If you make changes to a piece of equipment that is still under warranty, you risk voiding the warranty even though the changes you made weren't the cause. Unfortunately, all the “bells and whistles” aren’t included on most equipment and there are times when the simple addition to a piece of equipment will insure it functions properly.
Many generators don’t come with an hour meter. Hour meters are great for keeping track of run times on equipment and to help you keep track of service intervals for your equipment. This will help you get the maximum life out of your equipment. Adding an hour meter in the wrong way by altering the equipment (like drilling holes for a gauge) can effectively negate your warranty. Companies don’t like you altering their equipment, even if it serves a worthwhile cause.
Most generators include a 12 volt outlet on their control panel. Using a 12 volt plug-in adapter and a fairly strong magnet, you can easily hook-up an hour meter to your generator without making any modifications to your generator. This works on other types of equipment also. You can also use double sided self-adhesive tape or plastic zip ties. Use whatever is handy and avoid making any permanent modifications to your generator to avoid loss of your warranty.
To accomplish this you will need a DC hour meter, a 12 volt male plug-in adapter, a short piece of wire( two strands), a single gauge mounting panel ( 2 inch in this case) and a flat magnet (an old key holder works great!). You will also need a pair of pliers (needle nose pliers work best), a knife to strip the insulation from the wires and some electrical tape. I also used a small drill to make two holes to mount the gauge holder to the magnet case. Hook the connectors (included with the hour meter) to one end of your two strand wire and the 12 volt male plug-in adapter to the other end of your wire. I used a male plug from an old 12 volt air compressor that had died and was sitting in the garage for a couple of years. Knew it would come in handy for something.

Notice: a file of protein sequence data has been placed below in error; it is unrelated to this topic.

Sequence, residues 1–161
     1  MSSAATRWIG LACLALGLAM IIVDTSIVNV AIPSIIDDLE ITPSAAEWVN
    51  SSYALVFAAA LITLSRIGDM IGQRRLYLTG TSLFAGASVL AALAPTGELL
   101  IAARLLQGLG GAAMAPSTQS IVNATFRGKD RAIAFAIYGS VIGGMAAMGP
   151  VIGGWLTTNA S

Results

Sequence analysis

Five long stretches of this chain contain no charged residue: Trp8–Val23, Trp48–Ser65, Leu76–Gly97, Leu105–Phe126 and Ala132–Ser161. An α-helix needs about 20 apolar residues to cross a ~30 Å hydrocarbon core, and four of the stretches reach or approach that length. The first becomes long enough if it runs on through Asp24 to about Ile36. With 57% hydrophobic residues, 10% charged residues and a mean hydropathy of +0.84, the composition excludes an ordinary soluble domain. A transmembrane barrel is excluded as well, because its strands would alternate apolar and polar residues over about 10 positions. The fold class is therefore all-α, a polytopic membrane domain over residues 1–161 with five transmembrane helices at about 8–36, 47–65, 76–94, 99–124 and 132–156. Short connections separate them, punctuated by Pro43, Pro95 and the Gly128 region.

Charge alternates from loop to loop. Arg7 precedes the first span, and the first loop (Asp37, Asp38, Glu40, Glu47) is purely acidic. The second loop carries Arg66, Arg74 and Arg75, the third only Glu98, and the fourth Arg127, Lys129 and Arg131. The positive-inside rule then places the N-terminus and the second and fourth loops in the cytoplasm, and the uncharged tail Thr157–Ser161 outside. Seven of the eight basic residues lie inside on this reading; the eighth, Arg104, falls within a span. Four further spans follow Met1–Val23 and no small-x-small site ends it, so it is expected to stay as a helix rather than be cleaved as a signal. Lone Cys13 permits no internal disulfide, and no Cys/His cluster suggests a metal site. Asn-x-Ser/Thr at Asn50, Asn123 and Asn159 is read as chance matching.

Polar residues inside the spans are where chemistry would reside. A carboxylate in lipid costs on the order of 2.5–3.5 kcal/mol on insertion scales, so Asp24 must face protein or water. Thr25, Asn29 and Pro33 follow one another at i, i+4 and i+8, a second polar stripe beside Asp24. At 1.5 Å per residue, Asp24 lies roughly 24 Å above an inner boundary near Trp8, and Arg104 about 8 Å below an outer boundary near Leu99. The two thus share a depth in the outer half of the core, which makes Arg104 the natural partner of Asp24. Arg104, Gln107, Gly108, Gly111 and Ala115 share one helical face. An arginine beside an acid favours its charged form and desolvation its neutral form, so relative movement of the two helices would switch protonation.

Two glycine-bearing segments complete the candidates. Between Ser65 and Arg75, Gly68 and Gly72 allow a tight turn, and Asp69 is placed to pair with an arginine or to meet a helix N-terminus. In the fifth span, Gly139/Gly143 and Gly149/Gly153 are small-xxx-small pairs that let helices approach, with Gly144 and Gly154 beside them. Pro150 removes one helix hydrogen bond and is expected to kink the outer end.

If possible, try to find a double wire that has a black with white stripe and a plain black wire. The wire with the white stripe should be used for the positive connections (+). This keeps the polarity correct and in accordance with current 12 volt wiring standards.
You might want to use a double outlet plug-in that will allow you to use your 12 volt connection to power items other than your hour meter. In this case I used the additional outlet to power a two speed 12 volt fan that can be used to provide additional cooling to the engine on hot days or if it is in an enclosed space (generator box).
Prior to installing on my generator, I plugged the finished assembly into the power outlet on my truck until 2.4 hours had been registered to update the meter reading to include the hours run on the generator at this time. After final testing, the meter read 2.6 hours which indicated a total test time of about 15 minutes. Total cost for this non-invasive hour meter installation is about $35 and can be done for less if you scrounge a few old parts.
This completed my final test on the generator and everything worked as expected. The only item left is an oil change since the initial engine break-in period has been completed.
Got hour meter?
Staying above the water line!